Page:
Lawmakers in North Carolina are attempting to pass a bill that would allow local police to arrest people for not carrying state identification. But if a local activist has her way, the bill won’t make it out of the governor’s office alive.
The Protect North Carolina Workers Act (also known as House Bill 318) would not only allow police to ask people to produce state identification, but it would allow them to turn over people with documents issued outside the United States to immigration officials. It would also force companies with five or more employees to verify the immigration status of employees, bar sanctuary city ordinances and prevent the state from extending Supplemental Nutrition Assistance Program benefits for some citizens in need.
When he introduced the bill in March, sponsor Rep. George Cleveland said the following: “We’ve allowed a huge illegal population in the state. We’ve taken away employment from our citizens. We’ve lowered the wage base because of the illegals working.” He went on to say, “Illegal aliens cost the state of North Carolina some $1.7 billion net, after all consideration of what they produce in taxes and whatnot toward government support. … It’s time to start reversing that trend.” The bill passed state house and senate votes late last month. Now it is awaiting a decision from Governor Patrick McCrory.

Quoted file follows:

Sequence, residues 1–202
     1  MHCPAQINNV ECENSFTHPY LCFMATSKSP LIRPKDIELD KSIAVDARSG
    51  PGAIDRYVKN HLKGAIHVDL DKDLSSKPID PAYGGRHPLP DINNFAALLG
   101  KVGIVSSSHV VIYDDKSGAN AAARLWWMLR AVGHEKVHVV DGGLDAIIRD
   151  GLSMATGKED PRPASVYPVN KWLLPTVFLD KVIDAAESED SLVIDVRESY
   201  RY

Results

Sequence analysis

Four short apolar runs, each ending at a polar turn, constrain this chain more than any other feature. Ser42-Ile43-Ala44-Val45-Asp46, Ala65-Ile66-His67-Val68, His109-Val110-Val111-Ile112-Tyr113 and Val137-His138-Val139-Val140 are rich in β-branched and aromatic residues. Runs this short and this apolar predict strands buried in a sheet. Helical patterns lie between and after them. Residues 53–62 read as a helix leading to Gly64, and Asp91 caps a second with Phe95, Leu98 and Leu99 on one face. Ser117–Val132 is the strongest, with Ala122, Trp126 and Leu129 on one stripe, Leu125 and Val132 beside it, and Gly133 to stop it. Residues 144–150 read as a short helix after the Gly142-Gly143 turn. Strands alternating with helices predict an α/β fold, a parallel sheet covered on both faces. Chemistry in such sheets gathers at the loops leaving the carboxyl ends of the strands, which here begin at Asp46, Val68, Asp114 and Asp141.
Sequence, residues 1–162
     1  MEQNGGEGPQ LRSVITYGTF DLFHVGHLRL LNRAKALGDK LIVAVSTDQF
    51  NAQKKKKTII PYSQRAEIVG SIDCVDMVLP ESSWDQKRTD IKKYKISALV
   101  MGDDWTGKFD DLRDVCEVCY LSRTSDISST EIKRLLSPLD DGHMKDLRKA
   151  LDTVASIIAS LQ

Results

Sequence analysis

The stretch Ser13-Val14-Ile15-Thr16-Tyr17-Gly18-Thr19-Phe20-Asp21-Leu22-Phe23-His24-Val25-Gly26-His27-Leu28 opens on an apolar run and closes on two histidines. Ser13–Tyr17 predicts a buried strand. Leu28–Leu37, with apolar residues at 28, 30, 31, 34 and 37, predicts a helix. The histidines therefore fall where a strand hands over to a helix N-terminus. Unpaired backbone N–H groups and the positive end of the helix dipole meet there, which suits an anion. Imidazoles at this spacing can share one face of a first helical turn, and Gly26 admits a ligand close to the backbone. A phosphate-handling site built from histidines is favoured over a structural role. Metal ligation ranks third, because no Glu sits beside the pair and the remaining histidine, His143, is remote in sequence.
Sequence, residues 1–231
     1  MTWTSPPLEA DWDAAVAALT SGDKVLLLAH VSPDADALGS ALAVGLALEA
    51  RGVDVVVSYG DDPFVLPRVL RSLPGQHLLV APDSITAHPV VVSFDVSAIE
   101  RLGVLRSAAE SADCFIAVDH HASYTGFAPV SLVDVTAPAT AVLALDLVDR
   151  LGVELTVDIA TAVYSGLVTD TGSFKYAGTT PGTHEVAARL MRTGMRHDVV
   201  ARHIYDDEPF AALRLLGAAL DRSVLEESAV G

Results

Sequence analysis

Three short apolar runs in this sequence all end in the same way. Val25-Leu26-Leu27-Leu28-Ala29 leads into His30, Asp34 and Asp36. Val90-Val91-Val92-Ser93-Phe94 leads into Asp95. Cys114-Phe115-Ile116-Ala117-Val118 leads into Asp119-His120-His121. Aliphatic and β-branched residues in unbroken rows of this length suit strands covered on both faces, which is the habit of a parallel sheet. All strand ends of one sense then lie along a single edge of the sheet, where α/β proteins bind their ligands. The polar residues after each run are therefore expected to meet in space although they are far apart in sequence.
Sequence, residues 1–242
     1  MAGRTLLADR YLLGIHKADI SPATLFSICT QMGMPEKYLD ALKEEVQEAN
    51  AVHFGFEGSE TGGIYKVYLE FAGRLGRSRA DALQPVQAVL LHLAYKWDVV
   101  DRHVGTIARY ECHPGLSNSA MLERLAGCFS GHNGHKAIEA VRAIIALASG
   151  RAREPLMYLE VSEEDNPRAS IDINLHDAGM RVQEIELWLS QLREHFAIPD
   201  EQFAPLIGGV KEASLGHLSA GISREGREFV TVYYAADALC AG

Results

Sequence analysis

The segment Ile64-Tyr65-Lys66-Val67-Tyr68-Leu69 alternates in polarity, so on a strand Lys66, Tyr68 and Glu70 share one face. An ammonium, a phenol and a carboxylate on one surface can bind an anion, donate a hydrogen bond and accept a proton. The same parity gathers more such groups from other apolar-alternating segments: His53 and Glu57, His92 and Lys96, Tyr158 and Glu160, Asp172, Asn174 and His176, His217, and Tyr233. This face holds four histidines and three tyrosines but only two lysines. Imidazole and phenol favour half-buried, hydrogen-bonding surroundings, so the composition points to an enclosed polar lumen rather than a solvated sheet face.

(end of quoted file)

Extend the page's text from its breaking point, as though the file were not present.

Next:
Activist Nancy Cardenas, who comes from a family of immigrants, created a petition to convince McCrory to veto the bill. She offered the following in a press release sent to Colorlines:
[HB 318] raises [a] safety issue for all residents of North Carolina, not just undocumented people. When some community members are hesitant to call the police for fear of being deported, it threatens the safety of the entire community. It means that women who are being abused by their partners might not call the police for help, or workers who are being mistreated by their employers will be afraid to speak out. In a state with one of the fastest-growing Latino populations in the country, HB 318 would leave thousands of people living in the shadows, in constant fear that they might be deported away from their families. We cannot stand by while this bill passes.